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News & Insights

This Old House: In Defense of Older Homes as Carbon Savers

Much of the push to solve the carbon emissions problem in the building industry has focused on innovation: new building materials, new construction methods, and new carbon capture technologies. Even tenants and prospective homeowners are under the impression that new is better. 

That’s often true for other products — a new car is probably more fuel efficient than an old lemon — but it’s not always the case in real estate. Living in an older house actually can be more environmentally friendly than moving into a new build. In fact, with the right retrofits, remodeling an old building is almost always greener than building a new one.

Background: What goes into a building’s carbon footprint? 

Schools, hospitals, and homes all have different carbon emissions that are influenced by a few key factors. Measuring a structure’s carbon footprint starts with base emissions: the embodied and operational carbon of a building. 

Embodied carbon is carbon emitted during the construction, renovation, and demolition of a building. Operational carbon is emitted from operating the building’s electricity, heating and cooling, water, and so forth. 

Embodied and operational carbon are most influenced by the building materials (wood, concrete, and stone, for instance), the location of the home, the size—and the age. 

Out with the old? Not so fast.

When it comes to shrinking the carbon footprints of our homes, there’s good news and there’s bad news. The good news is that operational carbon emissions can drop fast if we make smart changes, such as using renewable energy, installing heat pumps, and using energy-efficient appliances

The challenge is that operational carbon emissions are only part of the picture. Ten percent of global greenhouse gas emissions come from the construction of new buildings and demolition of old buildings. 

A study by sustainability think tank Preservation Green Lab found that when it comes to embodied carbon, new buildings can take 10 to 80 years to catch up to old buildings that have had energy-saving retrofits.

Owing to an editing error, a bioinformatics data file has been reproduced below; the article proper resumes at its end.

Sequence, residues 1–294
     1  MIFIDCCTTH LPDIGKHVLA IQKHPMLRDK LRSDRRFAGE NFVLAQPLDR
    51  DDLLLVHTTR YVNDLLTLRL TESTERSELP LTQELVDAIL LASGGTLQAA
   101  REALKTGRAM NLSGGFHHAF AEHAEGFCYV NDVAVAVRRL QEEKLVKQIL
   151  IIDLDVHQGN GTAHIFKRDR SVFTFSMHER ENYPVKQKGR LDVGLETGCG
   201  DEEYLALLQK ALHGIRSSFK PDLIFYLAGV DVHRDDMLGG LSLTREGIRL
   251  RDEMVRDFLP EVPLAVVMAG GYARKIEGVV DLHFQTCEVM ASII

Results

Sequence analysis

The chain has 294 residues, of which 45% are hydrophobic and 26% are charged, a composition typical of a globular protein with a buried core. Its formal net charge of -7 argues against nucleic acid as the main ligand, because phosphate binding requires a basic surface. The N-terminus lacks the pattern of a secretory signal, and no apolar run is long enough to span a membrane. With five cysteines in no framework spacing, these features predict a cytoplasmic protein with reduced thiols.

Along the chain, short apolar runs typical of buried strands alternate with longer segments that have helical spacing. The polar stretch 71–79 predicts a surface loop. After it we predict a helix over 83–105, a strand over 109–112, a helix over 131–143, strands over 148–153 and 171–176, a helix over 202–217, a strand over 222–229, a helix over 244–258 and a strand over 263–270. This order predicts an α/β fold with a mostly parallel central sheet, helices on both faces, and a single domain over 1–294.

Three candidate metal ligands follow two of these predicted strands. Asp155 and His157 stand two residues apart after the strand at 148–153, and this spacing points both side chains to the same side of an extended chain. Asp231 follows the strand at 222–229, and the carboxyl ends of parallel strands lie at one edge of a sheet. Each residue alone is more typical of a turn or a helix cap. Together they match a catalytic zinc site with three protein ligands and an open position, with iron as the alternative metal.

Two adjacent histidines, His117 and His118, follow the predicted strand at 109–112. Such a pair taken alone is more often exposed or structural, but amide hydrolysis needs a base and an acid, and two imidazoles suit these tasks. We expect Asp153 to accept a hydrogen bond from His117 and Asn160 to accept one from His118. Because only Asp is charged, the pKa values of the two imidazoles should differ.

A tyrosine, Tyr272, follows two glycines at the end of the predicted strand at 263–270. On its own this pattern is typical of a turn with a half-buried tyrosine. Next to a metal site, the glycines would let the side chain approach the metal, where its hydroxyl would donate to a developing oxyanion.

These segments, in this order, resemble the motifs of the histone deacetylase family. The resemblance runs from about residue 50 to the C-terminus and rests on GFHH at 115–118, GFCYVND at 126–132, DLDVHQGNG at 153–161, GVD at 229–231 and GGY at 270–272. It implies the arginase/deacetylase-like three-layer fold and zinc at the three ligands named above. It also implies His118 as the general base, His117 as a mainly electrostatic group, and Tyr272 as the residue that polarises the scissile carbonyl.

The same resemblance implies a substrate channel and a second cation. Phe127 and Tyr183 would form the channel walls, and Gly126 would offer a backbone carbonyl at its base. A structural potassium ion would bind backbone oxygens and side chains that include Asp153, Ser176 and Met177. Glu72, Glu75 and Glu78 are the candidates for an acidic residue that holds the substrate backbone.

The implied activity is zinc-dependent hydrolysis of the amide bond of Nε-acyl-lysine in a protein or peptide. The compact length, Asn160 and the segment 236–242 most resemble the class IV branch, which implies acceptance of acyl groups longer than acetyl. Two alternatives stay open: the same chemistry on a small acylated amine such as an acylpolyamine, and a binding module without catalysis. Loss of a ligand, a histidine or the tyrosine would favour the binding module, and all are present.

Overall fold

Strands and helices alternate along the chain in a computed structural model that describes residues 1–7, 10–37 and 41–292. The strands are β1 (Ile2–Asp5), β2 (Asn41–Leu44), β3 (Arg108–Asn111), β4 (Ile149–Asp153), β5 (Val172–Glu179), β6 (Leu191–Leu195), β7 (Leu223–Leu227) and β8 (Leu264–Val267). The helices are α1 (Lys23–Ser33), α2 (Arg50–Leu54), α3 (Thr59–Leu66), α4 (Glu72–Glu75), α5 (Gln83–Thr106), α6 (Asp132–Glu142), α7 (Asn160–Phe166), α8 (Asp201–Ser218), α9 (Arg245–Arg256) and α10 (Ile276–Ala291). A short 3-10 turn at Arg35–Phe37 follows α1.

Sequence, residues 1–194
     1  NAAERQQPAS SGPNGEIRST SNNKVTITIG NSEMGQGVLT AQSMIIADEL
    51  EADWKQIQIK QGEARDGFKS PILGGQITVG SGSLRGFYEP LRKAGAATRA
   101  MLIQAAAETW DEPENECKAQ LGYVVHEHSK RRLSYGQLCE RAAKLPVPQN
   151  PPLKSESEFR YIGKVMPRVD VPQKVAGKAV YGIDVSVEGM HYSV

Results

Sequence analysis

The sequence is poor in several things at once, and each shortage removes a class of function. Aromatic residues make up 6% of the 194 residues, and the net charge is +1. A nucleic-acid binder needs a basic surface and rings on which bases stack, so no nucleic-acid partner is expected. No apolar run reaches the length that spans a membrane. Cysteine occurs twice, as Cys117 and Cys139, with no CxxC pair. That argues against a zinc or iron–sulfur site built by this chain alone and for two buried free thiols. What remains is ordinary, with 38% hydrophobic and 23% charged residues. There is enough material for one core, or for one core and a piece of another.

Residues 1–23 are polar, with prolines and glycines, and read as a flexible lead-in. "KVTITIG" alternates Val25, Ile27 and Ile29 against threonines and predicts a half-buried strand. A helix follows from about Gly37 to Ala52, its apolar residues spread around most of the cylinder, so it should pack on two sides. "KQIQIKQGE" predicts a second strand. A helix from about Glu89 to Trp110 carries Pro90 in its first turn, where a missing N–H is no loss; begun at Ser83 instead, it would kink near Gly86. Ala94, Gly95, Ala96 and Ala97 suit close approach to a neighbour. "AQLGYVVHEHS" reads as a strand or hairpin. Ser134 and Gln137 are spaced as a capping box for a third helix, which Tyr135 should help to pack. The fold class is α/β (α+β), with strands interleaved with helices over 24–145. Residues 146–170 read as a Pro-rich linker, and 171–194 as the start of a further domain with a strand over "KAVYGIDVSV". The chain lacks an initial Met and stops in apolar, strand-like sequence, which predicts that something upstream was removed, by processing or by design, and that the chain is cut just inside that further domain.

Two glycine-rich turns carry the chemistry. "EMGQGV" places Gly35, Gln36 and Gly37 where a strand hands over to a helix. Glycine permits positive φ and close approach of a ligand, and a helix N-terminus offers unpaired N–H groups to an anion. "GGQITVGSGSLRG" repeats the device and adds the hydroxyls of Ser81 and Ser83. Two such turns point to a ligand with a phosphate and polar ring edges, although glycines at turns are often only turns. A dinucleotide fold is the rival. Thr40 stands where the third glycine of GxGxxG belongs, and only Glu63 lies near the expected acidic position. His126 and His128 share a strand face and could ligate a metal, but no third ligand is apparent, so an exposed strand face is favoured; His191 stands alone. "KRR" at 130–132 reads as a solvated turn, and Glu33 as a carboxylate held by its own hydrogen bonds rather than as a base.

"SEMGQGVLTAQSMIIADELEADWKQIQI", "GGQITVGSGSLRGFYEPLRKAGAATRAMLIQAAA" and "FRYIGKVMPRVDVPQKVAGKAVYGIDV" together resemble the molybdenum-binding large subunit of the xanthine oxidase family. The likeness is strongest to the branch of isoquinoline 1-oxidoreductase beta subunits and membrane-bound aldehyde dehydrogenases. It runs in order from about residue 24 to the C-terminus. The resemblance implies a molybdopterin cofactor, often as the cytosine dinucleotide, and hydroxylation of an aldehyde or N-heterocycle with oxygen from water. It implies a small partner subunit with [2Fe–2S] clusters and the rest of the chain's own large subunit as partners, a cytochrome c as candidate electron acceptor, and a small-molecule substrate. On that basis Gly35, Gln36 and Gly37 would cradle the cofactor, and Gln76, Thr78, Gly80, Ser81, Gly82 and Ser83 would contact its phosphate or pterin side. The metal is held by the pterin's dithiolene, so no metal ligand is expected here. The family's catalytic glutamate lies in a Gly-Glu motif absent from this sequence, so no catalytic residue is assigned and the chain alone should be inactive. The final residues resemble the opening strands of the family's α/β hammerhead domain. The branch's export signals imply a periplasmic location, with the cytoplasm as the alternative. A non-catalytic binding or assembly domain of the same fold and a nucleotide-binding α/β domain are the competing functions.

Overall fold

The Brookings Institute estimates that roughly a quarter of existing buildings in the U.S. will be demolished between 2005 and 2030 to be replaced by new structures. Even if all that new construction is more operationally efficient than older buildings, it will take decades to recover from the environmental cost of demolishing and constructing those new structures. We don’t have decades. 

But, reusing old homes is a viable solution. Using Portland, Oregon as a case study, Preservation Green Lab estimated that retrofitting single-family homes and office buildings that were on the docket for demolition would save roughly 231,000 metric tons of CO2. To put that in perspective: That’s about 15% of the county’s CO2 reduction target for the next decade.

Age is just a number. 

Of course, age is just one element that plays a role in a building’s carbon footprint. Many old homes need retrofits to reduce the operational carbon emitted. In fact, one study found carbon emissions of old homes can be cut by 84% with the right changes

Old homes generally come with a few opportunities ripe for renovation. Some homes need new insulation to reduce heating and cooling costs, as well as to get rid of less environmentally-friendly materials (like asbestos). Other homes are in better shape and can be improved with energy-efficient appliances and windows, as well as solar panels. 

Harvard’s headquarters of the Center for Green Buildings and Cities, known as HouseZero, is a good example of how retrofits can be applied to older buildings. The house was originally constructed in 1924 and gut-renovated by the school as a prototype for other, similar structures. Today, HouseZero produces zero carbon emissions and requires almost zero grid electricity for heating and cooling.

If you’re interested in making changes to your home to improve its carbon footprint, start by exploring the incentives offered in the Inflation Reduction Act. There are more than $10,000 in tax credits and rebates available to homeowners (if you were to qualify for all of them).

And, to learn more about your home’s carbon emissions and track your progress towards reducing them, claim your home for free on Carbon Title Explorer.

Claim your building and start managing its carbon emissions. It's free!
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